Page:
A hot day in Springfield a month ago led Tony Blisset and his family to take a dip in the Sangamon River. That led to the discovery of what could have been, as his wife guessed, an old piece of wood.  Fortunately for history, she was wrong, and his hunch was correct: it was a fossilized bone.
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Blisset landed on the bone when he jumped into the river, which was about 11 feet lower than normal because of the drought. Thus, the water was only up to his chin. Blisset said he normally stays away from the water because he does not care for fish.  Researchers at the Illinois State Museum determined the bone is a vertebra from a muskox, a breed which is now extinct. Paleontologist Jeff Saunders estimates the bone is 12,000 years old.Blisset, who has donated the artifact to the museum, says he did take it to the McDonald’s where he is a manager and impressed his co-workers: “I had it in my office, and I was showing people, and they were all like, ‘Wow, it’s amazing!’ And they said they’d come and look at it here.”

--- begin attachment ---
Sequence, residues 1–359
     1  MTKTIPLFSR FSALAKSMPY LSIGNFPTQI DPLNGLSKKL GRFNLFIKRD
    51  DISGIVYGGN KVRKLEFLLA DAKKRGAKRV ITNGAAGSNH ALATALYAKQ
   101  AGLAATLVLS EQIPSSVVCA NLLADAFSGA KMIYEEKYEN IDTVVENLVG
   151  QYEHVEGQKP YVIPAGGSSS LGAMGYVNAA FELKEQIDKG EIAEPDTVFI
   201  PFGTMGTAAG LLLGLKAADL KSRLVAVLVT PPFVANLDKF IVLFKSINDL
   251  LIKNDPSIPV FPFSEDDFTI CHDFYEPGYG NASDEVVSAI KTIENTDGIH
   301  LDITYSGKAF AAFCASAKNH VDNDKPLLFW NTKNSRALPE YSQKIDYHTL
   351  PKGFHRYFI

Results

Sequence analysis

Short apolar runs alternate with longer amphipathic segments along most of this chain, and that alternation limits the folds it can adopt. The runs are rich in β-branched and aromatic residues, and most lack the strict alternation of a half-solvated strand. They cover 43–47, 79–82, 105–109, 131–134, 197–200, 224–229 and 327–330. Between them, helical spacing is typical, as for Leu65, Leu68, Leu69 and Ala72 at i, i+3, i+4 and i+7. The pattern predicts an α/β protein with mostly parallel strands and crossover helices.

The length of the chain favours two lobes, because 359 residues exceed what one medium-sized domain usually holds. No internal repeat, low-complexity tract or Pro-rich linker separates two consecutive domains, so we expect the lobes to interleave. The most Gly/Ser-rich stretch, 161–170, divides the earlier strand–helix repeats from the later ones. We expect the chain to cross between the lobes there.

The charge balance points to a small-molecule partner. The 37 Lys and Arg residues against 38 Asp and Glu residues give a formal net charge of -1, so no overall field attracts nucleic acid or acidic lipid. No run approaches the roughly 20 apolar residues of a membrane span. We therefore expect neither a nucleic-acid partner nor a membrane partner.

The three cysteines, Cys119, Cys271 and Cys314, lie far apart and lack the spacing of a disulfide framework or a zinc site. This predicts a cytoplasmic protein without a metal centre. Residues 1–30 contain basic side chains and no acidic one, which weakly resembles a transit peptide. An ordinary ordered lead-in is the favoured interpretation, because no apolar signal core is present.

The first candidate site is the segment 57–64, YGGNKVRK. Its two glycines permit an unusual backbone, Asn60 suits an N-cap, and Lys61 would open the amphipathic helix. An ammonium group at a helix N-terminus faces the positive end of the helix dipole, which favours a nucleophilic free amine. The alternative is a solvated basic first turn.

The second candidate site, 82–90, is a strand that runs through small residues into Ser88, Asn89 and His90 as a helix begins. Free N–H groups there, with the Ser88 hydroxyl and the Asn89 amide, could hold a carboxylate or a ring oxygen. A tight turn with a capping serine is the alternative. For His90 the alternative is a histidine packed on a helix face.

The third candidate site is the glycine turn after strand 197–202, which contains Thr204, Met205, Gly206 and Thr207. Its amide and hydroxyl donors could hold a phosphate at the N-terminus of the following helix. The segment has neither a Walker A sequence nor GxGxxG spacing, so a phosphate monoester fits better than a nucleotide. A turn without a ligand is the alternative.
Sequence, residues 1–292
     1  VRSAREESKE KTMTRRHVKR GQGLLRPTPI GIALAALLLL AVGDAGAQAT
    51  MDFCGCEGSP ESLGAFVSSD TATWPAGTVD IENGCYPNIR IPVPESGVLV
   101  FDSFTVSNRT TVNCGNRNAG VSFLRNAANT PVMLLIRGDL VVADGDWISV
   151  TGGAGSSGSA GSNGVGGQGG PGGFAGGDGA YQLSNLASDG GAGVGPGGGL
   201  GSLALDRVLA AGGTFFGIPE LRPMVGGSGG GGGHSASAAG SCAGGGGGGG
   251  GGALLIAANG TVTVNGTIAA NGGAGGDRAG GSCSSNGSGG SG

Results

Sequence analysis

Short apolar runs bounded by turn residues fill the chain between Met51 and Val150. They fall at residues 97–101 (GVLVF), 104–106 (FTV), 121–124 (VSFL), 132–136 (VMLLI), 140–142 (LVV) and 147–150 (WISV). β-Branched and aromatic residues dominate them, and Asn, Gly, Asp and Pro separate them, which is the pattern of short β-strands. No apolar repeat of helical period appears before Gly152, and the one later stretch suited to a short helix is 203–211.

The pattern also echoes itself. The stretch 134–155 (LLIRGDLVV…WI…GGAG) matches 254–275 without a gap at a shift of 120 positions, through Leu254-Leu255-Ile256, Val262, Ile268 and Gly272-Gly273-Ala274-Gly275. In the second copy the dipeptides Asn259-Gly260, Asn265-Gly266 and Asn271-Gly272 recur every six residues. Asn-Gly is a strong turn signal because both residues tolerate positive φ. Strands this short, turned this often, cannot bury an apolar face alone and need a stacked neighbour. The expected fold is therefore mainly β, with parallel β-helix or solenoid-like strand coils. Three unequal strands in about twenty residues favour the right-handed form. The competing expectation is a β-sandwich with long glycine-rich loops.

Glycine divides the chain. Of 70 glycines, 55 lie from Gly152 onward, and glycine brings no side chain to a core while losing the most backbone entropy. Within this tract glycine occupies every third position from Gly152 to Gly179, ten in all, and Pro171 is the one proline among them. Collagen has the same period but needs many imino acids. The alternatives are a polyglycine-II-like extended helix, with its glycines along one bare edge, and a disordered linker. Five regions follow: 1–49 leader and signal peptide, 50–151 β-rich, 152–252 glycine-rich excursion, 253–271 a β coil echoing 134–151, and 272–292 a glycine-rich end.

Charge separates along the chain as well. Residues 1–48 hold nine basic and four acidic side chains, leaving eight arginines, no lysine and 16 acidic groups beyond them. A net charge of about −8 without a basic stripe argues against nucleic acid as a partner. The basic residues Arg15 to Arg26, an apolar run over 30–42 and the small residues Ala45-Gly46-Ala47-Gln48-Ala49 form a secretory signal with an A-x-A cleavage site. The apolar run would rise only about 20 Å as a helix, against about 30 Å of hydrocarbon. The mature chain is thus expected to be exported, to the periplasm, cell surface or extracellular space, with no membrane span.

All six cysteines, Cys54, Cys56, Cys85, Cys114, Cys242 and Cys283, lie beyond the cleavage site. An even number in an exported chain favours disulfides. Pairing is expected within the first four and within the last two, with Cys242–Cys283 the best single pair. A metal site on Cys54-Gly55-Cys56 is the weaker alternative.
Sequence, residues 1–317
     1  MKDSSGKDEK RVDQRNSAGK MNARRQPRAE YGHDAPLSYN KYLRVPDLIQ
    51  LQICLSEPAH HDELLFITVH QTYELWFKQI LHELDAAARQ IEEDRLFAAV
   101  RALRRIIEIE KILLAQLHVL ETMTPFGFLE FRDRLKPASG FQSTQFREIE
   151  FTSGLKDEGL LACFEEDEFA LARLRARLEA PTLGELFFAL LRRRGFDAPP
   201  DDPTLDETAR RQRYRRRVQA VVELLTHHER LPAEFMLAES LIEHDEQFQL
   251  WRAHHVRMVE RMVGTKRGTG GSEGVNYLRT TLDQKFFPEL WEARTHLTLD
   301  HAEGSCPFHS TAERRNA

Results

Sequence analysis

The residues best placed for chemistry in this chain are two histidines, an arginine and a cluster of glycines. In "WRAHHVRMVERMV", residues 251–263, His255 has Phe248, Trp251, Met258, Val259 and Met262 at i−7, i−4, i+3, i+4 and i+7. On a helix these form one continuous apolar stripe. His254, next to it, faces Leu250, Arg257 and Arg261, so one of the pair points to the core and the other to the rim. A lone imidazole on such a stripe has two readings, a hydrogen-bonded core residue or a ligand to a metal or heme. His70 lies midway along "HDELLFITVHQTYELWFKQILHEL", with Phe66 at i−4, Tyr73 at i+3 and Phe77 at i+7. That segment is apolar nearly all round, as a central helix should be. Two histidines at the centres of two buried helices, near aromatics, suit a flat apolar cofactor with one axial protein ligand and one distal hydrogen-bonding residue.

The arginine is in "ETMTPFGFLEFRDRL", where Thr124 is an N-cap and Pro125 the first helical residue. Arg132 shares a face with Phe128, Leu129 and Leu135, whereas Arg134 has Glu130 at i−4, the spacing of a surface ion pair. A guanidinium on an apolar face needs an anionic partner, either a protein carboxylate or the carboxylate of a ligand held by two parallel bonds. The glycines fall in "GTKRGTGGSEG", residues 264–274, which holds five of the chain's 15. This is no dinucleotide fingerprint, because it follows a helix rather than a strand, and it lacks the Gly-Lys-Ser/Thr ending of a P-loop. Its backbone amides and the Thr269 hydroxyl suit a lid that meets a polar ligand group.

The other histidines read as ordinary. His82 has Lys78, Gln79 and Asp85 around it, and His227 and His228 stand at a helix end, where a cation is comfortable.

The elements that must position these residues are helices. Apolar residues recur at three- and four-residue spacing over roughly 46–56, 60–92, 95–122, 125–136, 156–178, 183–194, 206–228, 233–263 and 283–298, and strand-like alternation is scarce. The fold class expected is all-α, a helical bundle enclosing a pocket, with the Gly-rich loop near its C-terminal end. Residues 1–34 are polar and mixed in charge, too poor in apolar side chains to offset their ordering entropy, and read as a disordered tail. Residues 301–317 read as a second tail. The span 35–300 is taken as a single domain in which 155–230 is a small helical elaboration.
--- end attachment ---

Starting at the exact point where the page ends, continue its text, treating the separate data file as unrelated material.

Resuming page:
Blisset says he had no way to preserve or care for the bone, so he decided the museum would really know what to do with it.  The Illinois State Museum is part of the Illinois Department of Natural Resources. Its exhibits are mostly of natural and cultural history. It is near the Capitol and does not charge an admission fee.
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